of identity. Doing so is making identity less meaningful and less convincible. Instead, Identity
should be identity as itself; Resemblances are not identity.
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# 17 What is the problem of the criterion? (Chapter 11)
When we hold knowledge or belief of something, such as this apple is edible or the sky is not
green, we need have certain criterion to discriminate them. However, in order to use certain
criterion to discriminate things, we also need to make sure that criterion is true too, and in order
to know that we need another criterion to discriminate it that criterion is true. So, it seems like for
every criterion, in order to be used as principle of discrimination, needs its own criterion, and it
can never end.
An opposition of this situation is that criterion do not work in a way which one address the other
in a liner way. Instead, we have a web of believes which they stand all together. if they fit well
together, being coherent in the network, we can reasonably confident to go alone with it.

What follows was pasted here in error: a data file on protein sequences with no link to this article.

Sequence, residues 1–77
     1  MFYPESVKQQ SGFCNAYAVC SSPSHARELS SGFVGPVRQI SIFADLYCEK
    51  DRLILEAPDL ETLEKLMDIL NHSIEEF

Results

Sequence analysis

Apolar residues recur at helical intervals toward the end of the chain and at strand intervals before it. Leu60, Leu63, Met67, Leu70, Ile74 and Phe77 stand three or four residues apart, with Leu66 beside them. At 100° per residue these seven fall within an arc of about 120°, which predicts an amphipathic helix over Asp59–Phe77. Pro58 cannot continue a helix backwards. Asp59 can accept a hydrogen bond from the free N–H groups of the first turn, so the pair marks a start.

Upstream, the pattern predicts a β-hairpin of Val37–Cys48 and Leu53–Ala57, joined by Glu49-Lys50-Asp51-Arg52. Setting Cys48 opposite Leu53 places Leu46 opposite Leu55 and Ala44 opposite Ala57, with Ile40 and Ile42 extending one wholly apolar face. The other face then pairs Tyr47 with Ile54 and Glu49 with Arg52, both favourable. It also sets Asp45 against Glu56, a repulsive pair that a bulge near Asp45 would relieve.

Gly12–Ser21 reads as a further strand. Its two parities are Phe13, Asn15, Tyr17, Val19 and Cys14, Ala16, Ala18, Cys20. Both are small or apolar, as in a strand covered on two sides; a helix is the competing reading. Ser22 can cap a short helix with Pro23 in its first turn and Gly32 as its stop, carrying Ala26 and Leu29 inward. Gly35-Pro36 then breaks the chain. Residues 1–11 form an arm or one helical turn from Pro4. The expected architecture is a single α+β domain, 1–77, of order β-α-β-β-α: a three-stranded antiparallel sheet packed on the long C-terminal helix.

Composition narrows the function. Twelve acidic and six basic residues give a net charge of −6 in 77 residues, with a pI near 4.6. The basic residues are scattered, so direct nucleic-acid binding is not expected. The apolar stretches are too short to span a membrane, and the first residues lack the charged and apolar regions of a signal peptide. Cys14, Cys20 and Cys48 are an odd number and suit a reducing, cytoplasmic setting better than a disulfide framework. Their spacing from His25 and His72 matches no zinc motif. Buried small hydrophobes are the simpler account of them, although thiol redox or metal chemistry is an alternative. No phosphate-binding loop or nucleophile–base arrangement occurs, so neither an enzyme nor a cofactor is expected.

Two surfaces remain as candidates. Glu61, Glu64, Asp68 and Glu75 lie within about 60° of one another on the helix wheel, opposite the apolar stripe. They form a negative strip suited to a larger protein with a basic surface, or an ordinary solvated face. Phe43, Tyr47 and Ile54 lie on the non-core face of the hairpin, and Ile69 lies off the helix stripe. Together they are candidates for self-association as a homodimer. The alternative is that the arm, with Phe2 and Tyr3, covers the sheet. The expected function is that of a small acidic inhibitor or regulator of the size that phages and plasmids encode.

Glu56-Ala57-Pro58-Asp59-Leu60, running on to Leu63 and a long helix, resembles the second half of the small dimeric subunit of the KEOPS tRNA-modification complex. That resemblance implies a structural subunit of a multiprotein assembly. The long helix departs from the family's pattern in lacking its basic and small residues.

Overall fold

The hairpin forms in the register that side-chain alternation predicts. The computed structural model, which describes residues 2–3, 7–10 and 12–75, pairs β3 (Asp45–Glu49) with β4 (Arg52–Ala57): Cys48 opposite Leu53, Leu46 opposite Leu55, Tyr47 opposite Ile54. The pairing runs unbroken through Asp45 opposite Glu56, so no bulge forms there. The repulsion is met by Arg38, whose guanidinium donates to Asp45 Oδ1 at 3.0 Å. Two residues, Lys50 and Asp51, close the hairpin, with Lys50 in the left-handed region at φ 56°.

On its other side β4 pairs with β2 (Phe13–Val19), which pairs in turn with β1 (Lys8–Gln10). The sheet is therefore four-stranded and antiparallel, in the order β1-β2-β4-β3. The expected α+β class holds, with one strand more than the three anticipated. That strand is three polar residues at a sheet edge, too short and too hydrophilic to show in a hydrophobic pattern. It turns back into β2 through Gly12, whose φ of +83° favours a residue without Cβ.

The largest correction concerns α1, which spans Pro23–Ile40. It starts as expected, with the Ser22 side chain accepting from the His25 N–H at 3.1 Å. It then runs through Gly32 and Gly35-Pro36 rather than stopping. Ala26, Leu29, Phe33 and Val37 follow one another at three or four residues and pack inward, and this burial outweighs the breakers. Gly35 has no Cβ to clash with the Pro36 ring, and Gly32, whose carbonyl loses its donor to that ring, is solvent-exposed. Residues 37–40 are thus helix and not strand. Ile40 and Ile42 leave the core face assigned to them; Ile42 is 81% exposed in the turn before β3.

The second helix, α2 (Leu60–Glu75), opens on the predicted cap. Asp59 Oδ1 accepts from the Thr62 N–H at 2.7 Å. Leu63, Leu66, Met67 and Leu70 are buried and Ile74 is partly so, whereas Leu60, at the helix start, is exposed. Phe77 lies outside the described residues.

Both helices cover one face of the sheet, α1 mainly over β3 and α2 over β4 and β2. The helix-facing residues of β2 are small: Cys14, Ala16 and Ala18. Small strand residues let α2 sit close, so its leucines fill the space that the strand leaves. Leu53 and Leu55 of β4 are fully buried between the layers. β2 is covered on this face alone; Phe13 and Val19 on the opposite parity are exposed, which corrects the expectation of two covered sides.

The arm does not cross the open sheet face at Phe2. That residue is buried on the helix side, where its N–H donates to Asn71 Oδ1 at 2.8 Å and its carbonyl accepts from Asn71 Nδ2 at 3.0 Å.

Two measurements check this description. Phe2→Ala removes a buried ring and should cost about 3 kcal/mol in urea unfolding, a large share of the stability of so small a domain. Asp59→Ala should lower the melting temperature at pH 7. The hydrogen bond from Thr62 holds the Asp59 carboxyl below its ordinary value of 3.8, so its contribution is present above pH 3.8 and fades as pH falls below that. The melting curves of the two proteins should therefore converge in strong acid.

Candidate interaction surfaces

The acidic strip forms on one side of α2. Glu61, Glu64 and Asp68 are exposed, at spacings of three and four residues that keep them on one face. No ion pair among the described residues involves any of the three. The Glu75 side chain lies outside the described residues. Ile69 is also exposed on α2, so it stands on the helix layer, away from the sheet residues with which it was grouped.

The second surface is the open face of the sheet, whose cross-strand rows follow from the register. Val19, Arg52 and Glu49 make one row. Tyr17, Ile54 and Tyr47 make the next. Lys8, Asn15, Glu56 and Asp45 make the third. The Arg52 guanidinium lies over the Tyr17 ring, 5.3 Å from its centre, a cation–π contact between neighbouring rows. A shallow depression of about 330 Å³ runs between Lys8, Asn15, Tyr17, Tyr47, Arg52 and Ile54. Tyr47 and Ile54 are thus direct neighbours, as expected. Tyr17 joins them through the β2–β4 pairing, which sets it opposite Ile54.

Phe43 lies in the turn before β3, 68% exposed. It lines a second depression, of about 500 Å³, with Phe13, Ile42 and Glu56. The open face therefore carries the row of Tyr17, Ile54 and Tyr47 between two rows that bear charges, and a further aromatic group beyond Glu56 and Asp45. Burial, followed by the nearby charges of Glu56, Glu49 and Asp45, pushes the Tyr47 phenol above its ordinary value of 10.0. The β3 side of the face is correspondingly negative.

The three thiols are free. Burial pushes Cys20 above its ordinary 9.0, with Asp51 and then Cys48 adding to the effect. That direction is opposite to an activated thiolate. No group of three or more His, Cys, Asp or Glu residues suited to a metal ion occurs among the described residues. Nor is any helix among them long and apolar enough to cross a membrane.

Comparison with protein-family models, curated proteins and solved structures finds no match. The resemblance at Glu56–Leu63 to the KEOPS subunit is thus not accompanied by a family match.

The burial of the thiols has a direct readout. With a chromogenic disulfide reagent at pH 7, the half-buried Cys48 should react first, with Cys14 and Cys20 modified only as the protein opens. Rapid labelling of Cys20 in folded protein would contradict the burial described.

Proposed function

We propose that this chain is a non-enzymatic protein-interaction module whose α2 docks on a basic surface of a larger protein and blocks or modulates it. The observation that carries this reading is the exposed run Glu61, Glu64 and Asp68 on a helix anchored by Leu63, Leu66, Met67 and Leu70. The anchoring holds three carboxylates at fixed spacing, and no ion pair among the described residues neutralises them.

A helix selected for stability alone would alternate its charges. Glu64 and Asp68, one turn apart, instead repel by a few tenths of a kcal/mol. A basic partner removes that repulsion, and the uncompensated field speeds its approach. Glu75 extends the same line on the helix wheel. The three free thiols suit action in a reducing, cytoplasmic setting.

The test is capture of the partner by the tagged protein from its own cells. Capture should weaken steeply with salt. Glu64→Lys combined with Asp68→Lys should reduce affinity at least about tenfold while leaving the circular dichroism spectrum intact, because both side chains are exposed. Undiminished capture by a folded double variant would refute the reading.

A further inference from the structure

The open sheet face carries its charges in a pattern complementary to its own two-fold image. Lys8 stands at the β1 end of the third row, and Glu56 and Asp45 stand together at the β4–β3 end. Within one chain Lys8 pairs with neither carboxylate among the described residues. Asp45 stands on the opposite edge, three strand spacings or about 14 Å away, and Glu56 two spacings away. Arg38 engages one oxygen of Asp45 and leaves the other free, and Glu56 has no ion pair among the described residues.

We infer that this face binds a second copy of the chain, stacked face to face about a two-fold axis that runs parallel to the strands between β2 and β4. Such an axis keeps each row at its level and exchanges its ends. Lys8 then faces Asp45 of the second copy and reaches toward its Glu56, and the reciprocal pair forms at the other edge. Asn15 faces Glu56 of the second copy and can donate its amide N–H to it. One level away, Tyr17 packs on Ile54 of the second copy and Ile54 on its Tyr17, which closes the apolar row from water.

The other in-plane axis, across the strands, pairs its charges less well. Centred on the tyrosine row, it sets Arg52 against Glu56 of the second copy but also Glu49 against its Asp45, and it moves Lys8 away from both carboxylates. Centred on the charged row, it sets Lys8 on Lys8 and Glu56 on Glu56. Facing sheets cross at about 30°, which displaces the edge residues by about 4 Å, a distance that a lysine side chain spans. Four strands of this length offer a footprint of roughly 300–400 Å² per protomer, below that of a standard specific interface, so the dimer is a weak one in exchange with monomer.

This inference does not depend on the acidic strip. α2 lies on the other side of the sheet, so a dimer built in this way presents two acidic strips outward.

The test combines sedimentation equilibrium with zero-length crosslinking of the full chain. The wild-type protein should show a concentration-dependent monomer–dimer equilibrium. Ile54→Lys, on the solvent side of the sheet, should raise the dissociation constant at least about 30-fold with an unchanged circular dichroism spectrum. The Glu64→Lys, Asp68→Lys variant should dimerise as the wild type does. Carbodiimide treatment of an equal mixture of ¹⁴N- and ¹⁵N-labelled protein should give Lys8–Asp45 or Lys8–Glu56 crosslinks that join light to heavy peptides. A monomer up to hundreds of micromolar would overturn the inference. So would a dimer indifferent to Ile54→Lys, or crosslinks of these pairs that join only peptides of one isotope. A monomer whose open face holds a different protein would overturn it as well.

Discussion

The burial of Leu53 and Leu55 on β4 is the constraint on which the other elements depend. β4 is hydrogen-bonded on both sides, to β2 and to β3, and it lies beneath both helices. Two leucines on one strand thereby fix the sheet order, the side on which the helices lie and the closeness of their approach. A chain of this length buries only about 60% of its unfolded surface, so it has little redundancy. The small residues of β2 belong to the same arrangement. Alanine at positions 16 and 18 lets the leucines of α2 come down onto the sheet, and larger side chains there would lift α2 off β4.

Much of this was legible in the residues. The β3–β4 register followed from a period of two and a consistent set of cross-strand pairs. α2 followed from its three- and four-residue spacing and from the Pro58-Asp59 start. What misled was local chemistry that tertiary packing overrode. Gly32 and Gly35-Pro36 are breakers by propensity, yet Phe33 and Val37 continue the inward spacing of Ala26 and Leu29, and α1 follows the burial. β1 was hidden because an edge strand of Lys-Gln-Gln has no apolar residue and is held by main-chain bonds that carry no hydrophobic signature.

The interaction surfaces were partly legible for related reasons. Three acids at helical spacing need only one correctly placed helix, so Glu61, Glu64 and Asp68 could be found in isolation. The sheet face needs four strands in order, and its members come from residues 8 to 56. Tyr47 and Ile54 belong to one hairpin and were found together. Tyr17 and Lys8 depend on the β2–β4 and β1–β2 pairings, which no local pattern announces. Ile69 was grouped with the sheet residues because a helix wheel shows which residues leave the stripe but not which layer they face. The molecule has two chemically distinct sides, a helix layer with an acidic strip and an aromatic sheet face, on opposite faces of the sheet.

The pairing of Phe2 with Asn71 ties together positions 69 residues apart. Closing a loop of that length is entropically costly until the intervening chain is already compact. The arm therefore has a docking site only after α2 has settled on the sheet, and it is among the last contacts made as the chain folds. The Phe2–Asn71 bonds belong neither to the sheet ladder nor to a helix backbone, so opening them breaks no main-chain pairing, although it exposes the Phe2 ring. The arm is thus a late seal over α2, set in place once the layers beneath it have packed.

Therefore, there is no such a liner arrangement that one statement must be explained by another.
No individual statement as the criterion, the whole coherent of everything is the criterion.
# 18 Can there be an end to the search for justifications? (Chapter 11)
Our knowledge and beliefs are justified, otherwise we have no reason to believe in the way we
believe instead of other ways. However, a belief can be justified only if the justification is justified
too, therefore, it seems like for every justification, there is a need to the search for justifications,
and it seems like we can trace back forever. So, what should be the beginning of justification?
When we justify, where should we start?
A solution for this puzzle is the hypothetico-deductive model, which scientists usually make
hypotheses about how the world is before they establish any theory, and those hypotheses would
be their starting points. A starting point could be a very abstract and vague statement about
certain phenomenon, so it is hard to directly justified or falsified by any existing data. But when
the hypothesis get developed and deduced to a testable level, if the observable data confirm the
hypothesis, then the consequence provides justification for the starting point and the hypothesis
become a theory that justified certain nature law. Therefore, justification does not only work in
one way which a theory justifies a phenomenon, but also the other way around that the
observable phenomenon justifies the hypothesis made at the beginning and increase the
confidence in the theory.
#19 Can a statement of my existence be undeniable?
This puzzle is about the cogito statement I thik, theefoe I a. Everything I am thinking of
could be false, and I could be deceived, but in order to be deceived and thinking of something
false, I have to exist first. Therefore, no matter whatever I believe or think, as long as I know I am